David McKnight, President


The McKnight Group has designed and built churches for more than 40 years. During this time, we have walked alongside churches during everything – from casting vision and rallying the church body to building the dream.

Good decision-making is key to any successful project – but it can be difficult to choose the right path if you have little or no experience with large-scale projects like church building. This week, I’d like to talk about a few of the mistakes I’ve see church leaders make, and how you can avoid them. Here are five smart ways to keep your building project on track.

Understand your financial resources and realities

We’ve all heard stories about churches that took on too much debt and couldn’t pay the bills once the project was complete. This is the obvious bad choice. I’ve also seen the opposite: to avoid borrowing too much money, church leaders have made promises to the congregation to not spend over a certain limit, or to delay construction until so much money is in the bank. And that kind of fear can prevent a building program from ever starting. Which leads me to…

Avoid making promises over issues you can’t control

There are so many factors you can’t control: inflation, economy, and the government, just to name a few. When promises are made to a congregation, it can feel like the hands of church leaders are tied. And when that happens, you limit God and lose your options as leaders – and the building your ministry so desperately needs can’t be started. Some church leaders become more focused on keeping a promise made to their people than getting the facility built. Life is full of adjustments and compromises – you and your members should always keep this in mind.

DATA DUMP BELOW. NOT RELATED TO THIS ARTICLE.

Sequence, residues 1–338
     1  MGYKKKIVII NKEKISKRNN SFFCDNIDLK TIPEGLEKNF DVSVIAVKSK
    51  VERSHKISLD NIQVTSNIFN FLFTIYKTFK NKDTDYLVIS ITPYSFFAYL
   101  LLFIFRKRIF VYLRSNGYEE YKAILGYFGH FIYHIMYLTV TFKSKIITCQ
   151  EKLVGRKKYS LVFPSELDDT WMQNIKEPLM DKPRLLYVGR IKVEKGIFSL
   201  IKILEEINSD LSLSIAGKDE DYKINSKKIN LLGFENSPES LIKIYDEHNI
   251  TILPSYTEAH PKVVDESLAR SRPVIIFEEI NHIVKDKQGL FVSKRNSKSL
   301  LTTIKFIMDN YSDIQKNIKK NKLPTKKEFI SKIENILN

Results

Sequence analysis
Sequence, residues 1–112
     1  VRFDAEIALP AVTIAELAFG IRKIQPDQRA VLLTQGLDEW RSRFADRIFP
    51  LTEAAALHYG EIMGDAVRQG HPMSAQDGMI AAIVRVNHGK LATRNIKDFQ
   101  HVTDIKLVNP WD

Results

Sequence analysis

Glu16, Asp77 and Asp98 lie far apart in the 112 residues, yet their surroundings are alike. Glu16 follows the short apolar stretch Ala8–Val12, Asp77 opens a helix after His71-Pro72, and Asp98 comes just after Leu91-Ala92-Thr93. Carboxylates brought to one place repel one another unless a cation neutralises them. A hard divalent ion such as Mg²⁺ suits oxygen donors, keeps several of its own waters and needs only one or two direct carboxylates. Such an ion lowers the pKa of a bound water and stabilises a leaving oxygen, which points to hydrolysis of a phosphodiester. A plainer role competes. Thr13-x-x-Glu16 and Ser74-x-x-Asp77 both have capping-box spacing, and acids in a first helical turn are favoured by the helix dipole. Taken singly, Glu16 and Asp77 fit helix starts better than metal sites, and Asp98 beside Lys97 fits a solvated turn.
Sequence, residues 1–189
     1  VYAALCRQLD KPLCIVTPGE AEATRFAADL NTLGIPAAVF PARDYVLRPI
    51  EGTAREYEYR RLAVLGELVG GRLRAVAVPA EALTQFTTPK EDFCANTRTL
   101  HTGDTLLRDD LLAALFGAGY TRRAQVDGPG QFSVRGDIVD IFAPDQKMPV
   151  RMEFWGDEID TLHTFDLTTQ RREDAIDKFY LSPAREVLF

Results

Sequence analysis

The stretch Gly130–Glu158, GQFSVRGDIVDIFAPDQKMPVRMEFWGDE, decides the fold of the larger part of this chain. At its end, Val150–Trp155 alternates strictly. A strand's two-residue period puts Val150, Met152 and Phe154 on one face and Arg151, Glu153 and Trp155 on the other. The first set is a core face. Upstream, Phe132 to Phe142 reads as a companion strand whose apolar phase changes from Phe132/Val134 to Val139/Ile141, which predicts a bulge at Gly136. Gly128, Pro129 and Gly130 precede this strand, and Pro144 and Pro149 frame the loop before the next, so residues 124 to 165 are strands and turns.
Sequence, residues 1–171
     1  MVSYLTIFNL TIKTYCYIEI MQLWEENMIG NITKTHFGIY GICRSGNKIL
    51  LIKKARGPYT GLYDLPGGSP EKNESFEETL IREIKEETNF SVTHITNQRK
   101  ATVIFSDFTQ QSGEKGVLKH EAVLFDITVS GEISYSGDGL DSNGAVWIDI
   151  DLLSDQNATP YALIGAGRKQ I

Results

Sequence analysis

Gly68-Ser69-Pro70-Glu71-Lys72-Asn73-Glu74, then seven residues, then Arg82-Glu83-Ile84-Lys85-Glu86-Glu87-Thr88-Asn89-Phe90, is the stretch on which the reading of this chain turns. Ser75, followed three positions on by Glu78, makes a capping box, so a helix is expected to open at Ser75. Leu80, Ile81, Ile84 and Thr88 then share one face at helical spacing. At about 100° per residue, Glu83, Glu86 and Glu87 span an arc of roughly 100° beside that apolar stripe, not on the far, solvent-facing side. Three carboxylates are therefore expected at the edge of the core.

Try to maintain project momentum

Once you’ve committed to the project, do your best to share information, make informed decisions quickly, and stay on schedule. I’ve seen decisions that limit God and stop positive momentum in a church. The church then is faced with restarting momentum or coming up with another way to overcome the building hindrances they face. Many churches fail to overcome this and, as a result, become less effective in their ministry.

Don’t try to do this alone

As a church leader, you must always do your homework. But you should also seek wise council from experts and people who have been here before, and keep your options open.

Look to the Bible

The Bible is full of examples of effective leaders who made many right decisions that allowed God to bless them. There are also many examples of God’s leaders who made poor or rash decisions that crippled or hindered their ministry. The example I always think of is King Saul. The poor guy always seemed to make the wrong decision. 1 Samuel 13-15 is full of Saul’s rash promises and blunders. With God’s trusted guidance and your own effort, we can all learn to make smart decisions – for building programs, and all other aspects of church leadership.